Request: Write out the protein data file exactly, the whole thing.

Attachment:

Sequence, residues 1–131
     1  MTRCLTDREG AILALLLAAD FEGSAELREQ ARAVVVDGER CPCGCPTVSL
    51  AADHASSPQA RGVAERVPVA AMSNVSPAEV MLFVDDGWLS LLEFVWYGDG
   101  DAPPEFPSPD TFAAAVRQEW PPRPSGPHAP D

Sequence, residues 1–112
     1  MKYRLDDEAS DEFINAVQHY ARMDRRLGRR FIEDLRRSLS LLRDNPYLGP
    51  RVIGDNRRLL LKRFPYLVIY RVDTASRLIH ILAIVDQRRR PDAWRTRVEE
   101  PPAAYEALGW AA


Sequence, residues 1–131
     1  MTRCLTDREG AILALLLAAD FEGSAELREQ ARAVVVDGER CPCGCPTVSL
    51  AADHASSPQA RGVAERVPVA AMSNVSPAEV MLFVDDGWLS LLEFVWYGDG
   101  DAPPEFPSPD TFAAAVRQEW PPRPSGPHAP D

Sequence, residues 1–112
     1  MKYRLDDEAS DEFINAVQHY ARMDRRLGRR FIEDLRRSLS LLRDNPYLGP
    51  RVIGDNRRLL LKRFPYLVIY RVDTASRLIH ILAIVDQRRR PDAWRTRVEE
   101  PPAAYEALGW AA